There's a mythology to college, created over centuries of higher education. Alas, these are now myths, though in the past there was some truth to them.
Myth #1: “You need good grades to get into college.”
“I hate math. I failed this course four times in school, why do I have to take it again?”
--typical complaint from my students.
Decades ago, college or university admission was not a certain thing, and high school graduates would eagerly await the mail, hoping to get an acceptance letter. Applying to college was nearly pointless unless the prospective student took “college preparatory” courses in high school—what educational institution would accept a student who had not already troubled to acquire the basic skills of higher learning? A student with good grades, and having the appropriate coursework in high school, still could not be certain of acceptance, and would almost certainly also need high scores on standardized tests like the SAT and ACT. Even all these put together might not be enough to assure acceptance, and students wishing to improve their chances of acceptance still further would engage in extracurricular activities like charity, volunteer, and honor society work.
Those days are long gone, because policies have changed. Now, “open admission” policies are common at most public and many private institutions. Online, accredited graduate schools like Capella require nothing from their applicants besides a check that doesn’t bounce. Grades and transcripts mean nothing in an era where grade inflation and widespread cheating scandals in high schools barely make the local news. Around half of students enter college unprepared on some level, requiring a semester, a year, or more of “developmental” courses before they can even take actual college courses. The amount of remedial coursework required by many students means the majority of incoming students won’t receive a four year degree within six years of admission. Standardized tests are no longer relevant to admission, instead serving to determine where in the remedial course sequence a student should go. Extracurricular activities are completely irrelevant.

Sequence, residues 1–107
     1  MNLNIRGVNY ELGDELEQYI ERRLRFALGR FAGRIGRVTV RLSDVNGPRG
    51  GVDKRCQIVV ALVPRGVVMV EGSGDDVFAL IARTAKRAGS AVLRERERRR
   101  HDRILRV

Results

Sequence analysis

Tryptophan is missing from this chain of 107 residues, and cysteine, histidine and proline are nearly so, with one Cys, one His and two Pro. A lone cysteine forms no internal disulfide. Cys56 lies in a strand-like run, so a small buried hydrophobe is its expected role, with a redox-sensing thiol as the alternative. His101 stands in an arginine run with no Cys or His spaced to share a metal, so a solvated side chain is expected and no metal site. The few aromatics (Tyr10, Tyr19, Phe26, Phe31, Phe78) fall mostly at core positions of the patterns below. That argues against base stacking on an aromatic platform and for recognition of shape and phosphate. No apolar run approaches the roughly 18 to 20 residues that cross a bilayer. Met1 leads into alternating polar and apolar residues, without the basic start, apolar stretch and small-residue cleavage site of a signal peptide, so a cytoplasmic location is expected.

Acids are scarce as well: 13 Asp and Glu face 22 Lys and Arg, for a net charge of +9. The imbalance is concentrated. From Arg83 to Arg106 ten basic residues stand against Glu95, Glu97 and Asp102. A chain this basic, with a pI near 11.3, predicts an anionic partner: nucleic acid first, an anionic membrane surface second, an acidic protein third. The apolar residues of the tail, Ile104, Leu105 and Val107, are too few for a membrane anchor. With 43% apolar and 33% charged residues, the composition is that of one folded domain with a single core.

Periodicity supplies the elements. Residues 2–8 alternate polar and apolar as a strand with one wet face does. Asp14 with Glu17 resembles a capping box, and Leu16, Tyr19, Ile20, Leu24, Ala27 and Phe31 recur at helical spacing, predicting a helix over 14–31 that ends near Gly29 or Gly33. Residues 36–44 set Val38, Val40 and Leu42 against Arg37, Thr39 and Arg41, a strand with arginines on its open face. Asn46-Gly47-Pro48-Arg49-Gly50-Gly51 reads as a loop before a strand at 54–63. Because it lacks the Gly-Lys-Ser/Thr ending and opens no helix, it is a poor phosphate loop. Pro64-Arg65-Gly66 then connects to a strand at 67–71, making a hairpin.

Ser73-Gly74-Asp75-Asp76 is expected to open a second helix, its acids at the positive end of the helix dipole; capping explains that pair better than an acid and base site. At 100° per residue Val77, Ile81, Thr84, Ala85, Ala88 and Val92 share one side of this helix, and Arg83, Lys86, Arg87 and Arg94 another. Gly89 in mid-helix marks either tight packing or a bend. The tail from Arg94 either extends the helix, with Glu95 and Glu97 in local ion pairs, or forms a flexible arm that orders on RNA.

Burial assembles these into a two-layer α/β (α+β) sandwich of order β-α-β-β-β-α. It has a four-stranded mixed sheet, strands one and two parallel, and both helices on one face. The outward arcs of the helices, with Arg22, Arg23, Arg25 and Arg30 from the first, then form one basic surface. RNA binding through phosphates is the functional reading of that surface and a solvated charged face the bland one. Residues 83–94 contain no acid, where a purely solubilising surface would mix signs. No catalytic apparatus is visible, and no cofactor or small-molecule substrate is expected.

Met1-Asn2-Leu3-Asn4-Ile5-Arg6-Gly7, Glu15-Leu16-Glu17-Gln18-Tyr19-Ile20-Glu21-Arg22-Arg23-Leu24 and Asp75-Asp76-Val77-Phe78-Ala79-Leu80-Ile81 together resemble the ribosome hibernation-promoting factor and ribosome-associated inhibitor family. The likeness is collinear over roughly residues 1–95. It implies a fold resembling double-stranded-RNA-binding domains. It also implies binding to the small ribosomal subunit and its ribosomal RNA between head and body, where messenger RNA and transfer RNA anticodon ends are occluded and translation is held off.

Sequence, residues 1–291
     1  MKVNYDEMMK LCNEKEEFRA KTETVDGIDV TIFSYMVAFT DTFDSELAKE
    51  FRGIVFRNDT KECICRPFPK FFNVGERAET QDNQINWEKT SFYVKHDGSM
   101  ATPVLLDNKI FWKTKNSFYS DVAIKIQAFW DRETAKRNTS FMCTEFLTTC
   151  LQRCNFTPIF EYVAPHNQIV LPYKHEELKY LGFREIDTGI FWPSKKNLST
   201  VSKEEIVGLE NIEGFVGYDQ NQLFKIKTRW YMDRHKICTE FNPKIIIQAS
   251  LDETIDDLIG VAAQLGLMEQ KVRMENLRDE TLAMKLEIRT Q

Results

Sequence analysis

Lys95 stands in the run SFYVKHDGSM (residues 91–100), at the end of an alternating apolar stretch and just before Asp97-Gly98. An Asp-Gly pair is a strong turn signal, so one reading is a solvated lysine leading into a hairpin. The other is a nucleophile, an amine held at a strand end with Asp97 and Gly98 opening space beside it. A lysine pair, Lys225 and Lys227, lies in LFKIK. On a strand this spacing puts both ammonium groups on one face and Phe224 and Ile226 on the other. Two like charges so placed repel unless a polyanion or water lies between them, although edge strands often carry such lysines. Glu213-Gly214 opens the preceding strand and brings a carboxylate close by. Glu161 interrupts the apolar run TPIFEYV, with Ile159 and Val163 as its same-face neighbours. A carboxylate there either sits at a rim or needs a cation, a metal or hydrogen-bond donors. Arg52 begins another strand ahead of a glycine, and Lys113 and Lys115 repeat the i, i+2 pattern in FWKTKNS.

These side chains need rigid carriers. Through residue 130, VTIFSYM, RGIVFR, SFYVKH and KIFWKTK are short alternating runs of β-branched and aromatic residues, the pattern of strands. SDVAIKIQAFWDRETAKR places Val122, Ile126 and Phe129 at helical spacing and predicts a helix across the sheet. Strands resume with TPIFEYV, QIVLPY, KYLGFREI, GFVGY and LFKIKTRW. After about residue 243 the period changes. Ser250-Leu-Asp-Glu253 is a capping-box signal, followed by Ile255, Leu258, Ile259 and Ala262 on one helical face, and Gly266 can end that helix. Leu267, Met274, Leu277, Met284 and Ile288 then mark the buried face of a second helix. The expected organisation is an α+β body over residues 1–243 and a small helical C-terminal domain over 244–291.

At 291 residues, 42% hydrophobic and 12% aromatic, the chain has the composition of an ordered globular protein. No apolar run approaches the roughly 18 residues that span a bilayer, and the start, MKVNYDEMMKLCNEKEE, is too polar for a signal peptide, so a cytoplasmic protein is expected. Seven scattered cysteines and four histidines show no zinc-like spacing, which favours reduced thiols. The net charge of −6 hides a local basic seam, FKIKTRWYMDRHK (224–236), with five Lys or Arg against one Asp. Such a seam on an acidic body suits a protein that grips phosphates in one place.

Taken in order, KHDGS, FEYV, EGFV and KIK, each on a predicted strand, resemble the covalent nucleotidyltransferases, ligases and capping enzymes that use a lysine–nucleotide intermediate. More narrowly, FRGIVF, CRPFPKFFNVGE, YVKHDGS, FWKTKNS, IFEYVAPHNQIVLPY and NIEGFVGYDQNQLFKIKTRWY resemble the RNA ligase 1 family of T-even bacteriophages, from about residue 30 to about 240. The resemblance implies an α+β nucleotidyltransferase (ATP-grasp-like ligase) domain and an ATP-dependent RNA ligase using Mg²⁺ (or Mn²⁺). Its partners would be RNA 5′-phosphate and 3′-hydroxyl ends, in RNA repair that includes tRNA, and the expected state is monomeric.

“Fill in this application form. Check this box if you’re a degree seeking student so that you can qualify for student loans.”
--the primary means of getting into many institutions of higher learning.
Decades ago, having a child accepted into college was a point of pride for a family, since it served as validation of that child’s hard work. Today, getting into a college is about as significant an achievement as purchasing a refrigerator, and about as much effort. If the check clears, you’re in…and ultimately that’s all you need to get into college or buy a refrigerator. A far more accurate myth is “Any college will take your money, no matter what.” This hardly sounds better than those easy credit loan schemes by businesses of questionable integrity that are often advertised on TV, and for good reason, as we’ll see later.
A child raised on this myth will, without good grades, enter early adulthood believing college is beyond his reach. This makes him particularly vulnerable when a recruiter tells him the truth: his grades count for nothing, a college will take him no matter how poorly he did in school. And so another student enters the college system, thinking he’s getting a “lucky break” by getting to go to college…when the reality is his poor grades in school were an indicator that academia is a poor choice for him, and that he’ll probably not learn anything that will help him pay off the loans that are paying for his classes.
It’s little different than all the smiling customers P.T. Barnum fooled when he put up a beautiful sign, “This way to the Great Egress!” Ignorant of what an egress was, his customers cheerfully followed the sign to see the great thing. After exiting the circus, they were in no position to do anything about being tricked. If they really wanted to complain, they’d have to pay an entrance fee to get back in the tent. A few did so, to Barnum’s delight. Students likewise are completely helpless, years later, when the loans start coming due and there is no way to escape the loans. A few students, unable to pay their loans, take out more loans to go back to college. “There’s a sucker born every minute,” to steal another line from Barnum, and this myth is the first to creating many of the suckers in the higher education system.
Every year I see swarms of students burying themselves in debt, learning nothing. It's no surprise that studies show even graduates often learn nothing, but realize that even the students who fail still have to pay exorbitant bills, often for the remainder of their lives.
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